The Means of Escape by Penelope Fitzgerald

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With the death of Penelope Fitzgerald this year, the literary world lost one of its finest, most original, and most beloved authors. Fitzgerald began her writing career at age sixty and wrote eight remarkable novels in rapid succession over the next twenty years. Completed just before her death, THE MEANS OF ESCAPE is Fitzgerald's first new book since the best-selling THE BLUE FLOWER. Never before have her short stories been collected in book form, and none of them has ever appeared in the United States.
THE MEANS OF ESCAPE showcases this incomparable author at her most intelligent, her funniest, her best. Like her novels, these brilliant stories are miniature studies of the endless absurdity of human behavior. Concise, comic, biting, and mischievous, they are vintage Fitzgerald. Roaming the globe and the ages, the stories travel from England to France to New Zealand and from today to the seventeenth century. Uniting them is a universal theme: the shifting balance between those who are in positions of power--by wealth, status, or class--and those who, deceptively, are not. THE MEANS OF ESCAPE memorializes a life and a writer guided by a generous but unwavering moral gaze.

About Penelope Fitzgerald

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Penelope Fitzgerald wrote many books small in size but enormous in popular and critical acclaim over the past two decades. Over 300,000 copies of her novels are in print, and profiles of her life appeared in both The New Yorker and The New York Times Magazine. In 1979, her novel OFFSHORE won Britain's Booker Prize, and in 1998 she won the National Book Critics Circle Prize for THE BLUE FLOWER. Though Fitzgerald embarked on her literary career when she was in her 60's, her career was praised as "the best argument.. for a publishing debut made late in life" (New York Times Book Review). She told the New York Times Magazine, "In all that time, I could have written books and I didn't. I think you can write at any time of your life." Dinitia Smith, in her New York Times Obituary of May 3, 2000, quoted Penelope Fitzgerald from 1998 as saying, "I have remained true to my deepest convictions, I mean to the courage of those who are born to be defeated, the weaknesses of the strong, and the tragedy of misunderstandings and missed opportunities, which I have done my best to treat as comedy, for otherwise how can we manage to bear it?"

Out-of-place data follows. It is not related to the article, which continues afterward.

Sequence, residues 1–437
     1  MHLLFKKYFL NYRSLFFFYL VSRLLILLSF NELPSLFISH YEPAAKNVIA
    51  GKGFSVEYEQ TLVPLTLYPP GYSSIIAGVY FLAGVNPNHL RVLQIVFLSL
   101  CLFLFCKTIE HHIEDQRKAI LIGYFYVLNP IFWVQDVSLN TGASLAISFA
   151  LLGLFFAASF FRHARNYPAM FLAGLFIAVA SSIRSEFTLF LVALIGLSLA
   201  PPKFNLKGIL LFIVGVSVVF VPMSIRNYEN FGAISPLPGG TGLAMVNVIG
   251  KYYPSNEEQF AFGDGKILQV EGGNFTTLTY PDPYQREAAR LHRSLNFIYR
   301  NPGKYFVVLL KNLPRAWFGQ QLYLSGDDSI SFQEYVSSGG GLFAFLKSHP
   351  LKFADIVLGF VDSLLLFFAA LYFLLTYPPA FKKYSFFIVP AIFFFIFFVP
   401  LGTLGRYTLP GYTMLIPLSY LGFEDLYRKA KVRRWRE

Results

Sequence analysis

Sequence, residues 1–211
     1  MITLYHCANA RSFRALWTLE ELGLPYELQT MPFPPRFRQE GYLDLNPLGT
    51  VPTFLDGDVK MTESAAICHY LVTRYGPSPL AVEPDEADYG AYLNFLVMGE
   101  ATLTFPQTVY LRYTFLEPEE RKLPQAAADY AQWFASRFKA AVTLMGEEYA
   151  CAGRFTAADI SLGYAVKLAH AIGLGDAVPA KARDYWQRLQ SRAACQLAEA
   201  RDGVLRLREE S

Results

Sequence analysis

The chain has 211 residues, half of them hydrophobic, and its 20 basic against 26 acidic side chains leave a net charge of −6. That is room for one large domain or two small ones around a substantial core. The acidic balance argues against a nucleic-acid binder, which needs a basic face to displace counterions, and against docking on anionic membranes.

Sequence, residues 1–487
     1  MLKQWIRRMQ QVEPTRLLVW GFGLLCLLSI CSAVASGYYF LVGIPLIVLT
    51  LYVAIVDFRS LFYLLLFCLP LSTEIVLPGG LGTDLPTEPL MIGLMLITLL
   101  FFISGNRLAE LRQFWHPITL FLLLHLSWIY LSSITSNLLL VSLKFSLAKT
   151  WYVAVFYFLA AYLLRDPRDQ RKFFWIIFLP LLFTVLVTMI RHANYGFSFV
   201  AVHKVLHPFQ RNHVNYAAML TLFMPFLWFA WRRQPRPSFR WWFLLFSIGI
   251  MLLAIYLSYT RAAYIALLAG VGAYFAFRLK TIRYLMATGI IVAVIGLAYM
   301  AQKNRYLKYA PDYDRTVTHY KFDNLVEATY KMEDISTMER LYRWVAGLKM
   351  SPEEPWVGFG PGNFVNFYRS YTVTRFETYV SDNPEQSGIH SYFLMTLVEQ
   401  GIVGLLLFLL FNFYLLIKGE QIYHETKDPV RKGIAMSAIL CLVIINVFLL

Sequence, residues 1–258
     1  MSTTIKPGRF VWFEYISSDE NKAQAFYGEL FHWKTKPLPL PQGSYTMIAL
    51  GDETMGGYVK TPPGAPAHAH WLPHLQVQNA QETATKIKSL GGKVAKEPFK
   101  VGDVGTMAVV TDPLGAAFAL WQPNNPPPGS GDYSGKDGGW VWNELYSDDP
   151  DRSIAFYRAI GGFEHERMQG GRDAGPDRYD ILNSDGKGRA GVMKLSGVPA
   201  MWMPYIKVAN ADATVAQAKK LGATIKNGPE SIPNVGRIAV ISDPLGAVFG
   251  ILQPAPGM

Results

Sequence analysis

Published March 18, 2013 by Mariner Books. 192 pages
Genres: Literature & Fiction. Fiction

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Kirkus Reviews

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and in “Desideratus,” the same can be said also of rural England in the 17th century, as a boy from a poor household briefly meets high rank as he retrieves—in a most eerie way—a lost medal, given him as a gift.

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The Guardian

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The Means of Escape Penelope Fitzgerald 117pp, Flamingo, £12.99 Buy it at BOL A slender book of short stories - almost sketches - published posthumously and gathered together from a variety of sources rather than being written for a common purpose suggests not merely a lack of coherence ...

Dec 16 2000 | Read Full Review of The Means of Escape

The Guardian

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Her earlier books methodically used material from her life (running a bookshop, say, or working for the BBC, living with her family on a Thames barge), but then her imagination started roving further afield.

Oct 29 2000 | Read Full Review of The Means of Escape

Publishers Weekly

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A story about the perseverance of rigid class values, ""The Prescription,"" is a cautionary tale about a man of entrenched tradition who despises the outstanding individual achievement of someone of a ""lower order."" In several other tales, however, a self-satisfied character is undone by someon...

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Entertainment Weekly

Penelope Fitzgerald's posthumous — and only — story collection, The Means of Escape, serves as an elegiac gift to dedicated fans of her award-winning novels (The Blue Flower) and a tantalizing introduction for new readers.

Nov 17 2000 | Read Full Review of The Means of Escape

London Review of Books

He was the Lord Northcliffe Professor of Modern English Literature at University College London and the King Edward VII Professor of English Literature at Cambridge University.

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